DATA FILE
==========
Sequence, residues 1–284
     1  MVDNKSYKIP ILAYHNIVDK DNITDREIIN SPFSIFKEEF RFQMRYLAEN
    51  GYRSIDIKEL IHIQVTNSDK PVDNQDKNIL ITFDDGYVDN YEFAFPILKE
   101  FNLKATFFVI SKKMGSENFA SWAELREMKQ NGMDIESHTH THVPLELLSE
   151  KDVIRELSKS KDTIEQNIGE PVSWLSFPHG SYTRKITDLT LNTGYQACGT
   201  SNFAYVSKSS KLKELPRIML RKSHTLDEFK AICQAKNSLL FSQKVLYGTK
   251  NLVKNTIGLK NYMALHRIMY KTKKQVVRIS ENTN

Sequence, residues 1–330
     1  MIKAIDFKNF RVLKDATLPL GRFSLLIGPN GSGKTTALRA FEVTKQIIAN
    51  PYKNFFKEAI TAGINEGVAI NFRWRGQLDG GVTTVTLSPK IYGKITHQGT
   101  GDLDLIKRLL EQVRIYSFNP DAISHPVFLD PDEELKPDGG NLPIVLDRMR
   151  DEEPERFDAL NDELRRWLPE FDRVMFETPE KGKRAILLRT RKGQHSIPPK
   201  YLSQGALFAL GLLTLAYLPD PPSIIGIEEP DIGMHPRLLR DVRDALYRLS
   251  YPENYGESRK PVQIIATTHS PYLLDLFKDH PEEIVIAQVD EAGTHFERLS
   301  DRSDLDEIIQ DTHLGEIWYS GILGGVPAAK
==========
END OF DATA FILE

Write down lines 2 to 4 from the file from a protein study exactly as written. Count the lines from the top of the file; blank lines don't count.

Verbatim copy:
     1  MVDNKSYKIP ILAYHNIVDK DNITDREIIN SPFSIFKEEF RFQMRYLAEN
    51  GYRSIDIKEL IHIQVTNSDK PVDNQDKNIL ITFDDGYVDN YEFAFPILKE
   101  FNLKATFFVI SKKMGSENFA SWAELREMKQ NGMDIESHTH THVPLELLSE